Mozambique has done a lot to provide primary education to all children, but a shortage of qualified teachers goes beyond the quality of teaching. The first seven years of primary school (two + five years) are compulsory and free (except for a registration fee). Then comes three years of secondary school and two years of high school, but only a limited number of students continue with education.
One hundred percent of children in Mozambique start primary school, but only half complete fifth grade, according to UNICEF. According to USAID, two-thirds of students leave elementary school without basic reading and writing skills. 56 percent of the population over the age of 15 can read and write (71 percent of men and 43 percent of women).
Although the Constitution states that there is freedom of the press in Mozambique, the country is only rated “partially free” by the Freedom House organization. The reason is that it is difficult for journalists to gain access to public information and documents, and that the state media favors the ruling party.
Radio and TV are the main media. In cities, television is most popular, while in rural areas, radio has the largest audience. State TVM is the only nationwide TV channel and together with private STV is the most popular. State radio station Antena Nacional is an important source of news. In addition, most cities have private FM stations.
According to the Internet World Stats website, Mozambique had 1.8 million Internet users in March 2017, representing 6.2 percent of the population. With increased availability of smartphones in the 2010s, social media platforms with smartphone platforms, such as Facebook and Whatsapp, have become very important sources of information dissemination.
The Cahora Bassa Dam, in the Zambezi River in central Mozambique, holds Africa’s largest hydroelectric reservoir.
The most important literary direction in Mozambique is the local poetry genre moçambicanidade. José Craveirinha (1922–2003) is the most famous poet in this direction. His collections of poems Chimbo (1964), Cela 1 (1981) and Babalaze das Hienas (1997) are among his best known releases. Another central lyricist is Noémia de Sousa (1926–2002).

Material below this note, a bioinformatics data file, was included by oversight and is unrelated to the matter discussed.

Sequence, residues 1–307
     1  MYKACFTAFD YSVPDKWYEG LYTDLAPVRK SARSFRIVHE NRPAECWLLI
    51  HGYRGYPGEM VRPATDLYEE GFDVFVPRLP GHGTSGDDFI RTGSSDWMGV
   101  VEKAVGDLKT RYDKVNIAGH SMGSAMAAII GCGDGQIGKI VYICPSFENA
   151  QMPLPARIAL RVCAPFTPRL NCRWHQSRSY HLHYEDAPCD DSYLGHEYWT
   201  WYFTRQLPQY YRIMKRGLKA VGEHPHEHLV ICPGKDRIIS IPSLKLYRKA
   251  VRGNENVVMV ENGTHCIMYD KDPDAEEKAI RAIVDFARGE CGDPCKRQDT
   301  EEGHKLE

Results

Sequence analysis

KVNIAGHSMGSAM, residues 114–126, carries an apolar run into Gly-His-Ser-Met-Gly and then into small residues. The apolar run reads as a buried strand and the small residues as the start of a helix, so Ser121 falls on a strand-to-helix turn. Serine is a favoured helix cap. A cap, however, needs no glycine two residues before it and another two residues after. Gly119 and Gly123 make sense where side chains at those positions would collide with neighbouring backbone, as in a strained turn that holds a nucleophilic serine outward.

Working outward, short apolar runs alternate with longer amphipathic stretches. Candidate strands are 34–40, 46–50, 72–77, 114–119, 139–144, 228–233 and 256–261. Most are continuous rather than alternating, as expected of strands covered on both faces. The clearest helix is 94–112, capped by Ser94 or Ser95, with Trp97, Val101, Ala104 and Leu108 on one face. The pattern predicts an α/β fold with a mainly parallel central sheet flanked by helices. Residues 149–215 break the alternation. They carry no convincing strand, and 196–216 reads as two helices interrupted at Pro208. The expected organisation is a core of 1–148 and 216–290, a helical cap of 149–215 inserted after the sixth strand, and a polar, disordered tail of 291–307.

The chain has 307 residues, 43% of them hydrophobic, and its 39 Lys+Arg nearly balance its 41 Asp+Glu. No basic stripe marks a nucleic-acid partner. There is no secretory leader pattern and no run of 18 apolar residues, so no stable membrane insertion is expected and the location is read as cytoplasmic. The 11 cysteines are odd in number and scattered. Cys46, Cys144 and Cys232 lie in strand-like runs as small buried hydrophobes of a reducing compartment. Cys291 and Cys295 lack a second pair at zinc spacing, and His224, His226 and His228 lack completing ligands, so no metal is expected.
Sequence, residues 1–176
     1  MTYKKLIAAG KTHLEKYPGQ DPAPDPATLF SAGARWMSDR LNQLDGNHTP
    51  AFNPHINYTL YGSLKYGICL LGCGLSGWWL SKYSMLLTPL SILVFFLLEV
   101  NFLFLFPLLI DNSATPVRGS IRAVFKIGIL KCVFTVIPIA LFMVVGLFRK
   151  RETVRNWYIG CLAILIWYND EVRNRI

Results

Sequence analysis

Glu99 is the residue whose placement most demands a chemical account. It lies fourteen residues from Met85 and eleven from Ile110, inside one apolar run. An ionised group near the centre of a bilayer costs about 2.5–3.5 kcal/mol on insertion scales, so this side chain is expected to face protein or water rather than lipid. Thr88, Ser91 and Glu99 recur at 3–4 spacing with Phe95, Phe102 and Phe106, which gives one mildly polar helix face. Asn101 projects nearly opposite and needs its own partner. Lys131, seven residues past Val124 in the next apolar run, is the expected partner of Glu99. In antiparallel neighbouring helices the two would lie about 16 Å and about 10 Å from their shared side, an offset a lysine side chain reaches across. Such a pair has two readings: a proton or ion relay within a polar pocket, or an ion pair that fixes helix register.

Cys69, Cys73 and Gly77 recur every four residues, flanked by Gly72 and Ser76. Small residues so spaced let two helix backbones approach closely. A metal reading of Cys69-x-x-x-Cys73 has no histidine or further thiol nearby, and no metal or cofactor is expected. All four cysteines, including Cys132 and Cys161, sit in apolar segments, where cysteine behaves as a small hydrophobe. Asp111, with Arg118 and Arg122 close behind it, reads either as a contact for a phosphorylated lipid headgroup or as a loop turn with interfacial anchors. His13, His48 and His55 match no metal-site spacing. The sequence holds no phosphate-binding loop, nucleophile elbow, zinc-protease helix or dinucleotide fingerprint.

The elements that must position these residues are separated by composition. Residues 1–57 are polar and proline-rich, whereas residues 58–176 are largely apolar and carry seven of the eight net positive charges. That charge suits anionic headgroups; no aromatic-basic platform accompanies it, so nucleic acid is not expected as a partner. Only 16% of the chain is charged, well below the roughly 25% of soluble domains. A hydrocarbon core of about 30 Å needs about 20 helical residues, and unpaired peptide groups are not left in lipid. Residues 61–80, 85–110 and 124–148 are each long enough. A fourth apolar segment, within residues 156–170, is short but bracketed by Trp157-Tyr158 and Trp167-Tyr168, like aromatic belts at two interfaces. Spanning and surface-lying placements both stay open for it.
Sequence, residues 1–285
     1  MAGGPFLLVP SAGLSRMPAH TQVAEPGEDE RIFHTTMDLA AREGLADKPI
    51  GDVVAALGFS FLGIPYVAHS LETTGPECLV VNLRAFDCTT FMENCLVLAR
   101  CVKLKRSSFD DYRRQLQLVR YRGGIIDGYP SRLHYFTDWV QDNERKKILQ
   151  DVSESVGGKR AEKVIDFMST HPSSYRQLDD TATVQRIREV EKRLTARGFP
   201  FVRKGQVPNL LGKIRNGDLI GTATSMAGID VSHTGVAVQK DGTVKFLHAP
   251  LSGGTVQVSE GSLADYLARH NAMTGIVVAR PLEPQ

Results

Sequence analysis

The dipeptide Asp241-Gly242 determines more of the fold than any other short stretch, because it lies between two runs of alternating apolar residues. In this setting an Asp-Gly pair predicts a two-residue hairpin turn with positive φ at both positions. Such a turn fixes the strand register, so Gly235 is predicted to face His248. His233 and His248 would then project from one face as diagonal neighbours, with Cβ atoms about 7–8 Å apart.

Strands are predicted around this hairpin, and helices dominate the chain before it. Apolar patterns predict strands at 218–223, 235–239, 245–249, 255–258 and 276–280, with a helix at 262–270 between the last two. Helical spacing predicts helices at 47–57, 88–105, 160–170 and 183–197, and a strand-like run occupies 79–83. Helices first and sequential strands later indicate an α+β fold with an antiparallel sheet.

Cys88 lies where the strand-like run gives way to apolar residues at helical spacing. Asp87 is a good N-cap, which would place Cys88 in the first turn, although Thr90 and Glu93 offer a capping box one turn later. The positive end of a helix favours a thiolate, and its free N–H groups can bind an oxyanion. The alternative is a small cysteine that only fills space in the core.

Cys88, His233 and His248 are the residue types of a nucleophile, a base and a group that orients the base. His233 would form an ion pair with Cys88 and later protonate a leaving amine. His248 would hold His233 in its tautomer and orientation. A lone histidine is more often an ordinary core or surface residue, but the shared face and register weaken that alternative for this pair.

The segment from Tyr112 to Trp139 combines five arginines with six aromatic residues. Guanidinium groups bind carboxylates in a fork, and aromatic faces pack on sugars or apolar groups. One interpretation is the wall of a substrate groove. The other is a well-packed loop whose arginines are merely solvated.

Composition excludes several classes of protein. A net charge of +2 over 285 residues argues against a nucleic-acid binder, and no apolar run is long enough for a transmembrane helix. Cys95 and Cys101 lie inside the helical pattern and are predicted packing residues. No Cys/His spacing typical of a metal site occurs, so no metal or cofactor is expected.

The writer, photographer and filmmaker Luís Bernardo Honwana (born 1942) wrote the short story collection Nós Matámos o Cão Tinhoso (1964) while in prison because of his political activity. The most famous Mozambican novelist is António Emílio Leite “Mia” Couto (born 1955). In 2013 he received the US Neustadt International Literature Award.
There are many arts and crafts traditions among the different peoples. The Makonde people are especially known for their woodcuts. They are usually made in hardwoods such as mahogany and ebony. Among other things, the macaques make detailed sculptures, often called family trees, because they show the history of several generations.
Modern art is often inspired by recent history, such as the struggle for independence and the civil war. The two most famous contemporary artists are the painter Malangatana Ngwenya (1936–2011) and the sculptor Alberto Chissano (1935–1994).
Mbila (plural timbila) is a type of xylophone that has given a name to a music genre from the Inhambane province in the south of the country. The orchestras often consist of about ten timbila in four different sizes, and the music is partly improvised.
Many of the plantations were nationalized after independence. Often production fell dramatically.
Marrabenta is a more modern music genre that originated in Maputo in the 1930s and 1940s. The style blends traditional Mozambican with western music. The musicians often used self-designed instruments made of tin cans and wooden boards. The most famous marabent performer was Fany Pfumo, who recorded several popular records in the 1950s and 1960s.
Pandza is a modern music form with roots in marabenta. The music is faster than marabenta and takes up elements from dancehall and hip hop. Practitioners Ziqo and Dj Ardiles are pioneers of the genre.
The struggle against colonial power inspired African American musicians in the early 1970s. Trumpet Miles Davis composed the song Calypso Frelimo, while the jazz group Oneness of Juju released an LP entitled A message from Mozambique. Also Bob Dylan acquired the land a song, Mozambique, recorded in the year when the country became independent.
Like many places in Africa, women carry water, often long distances.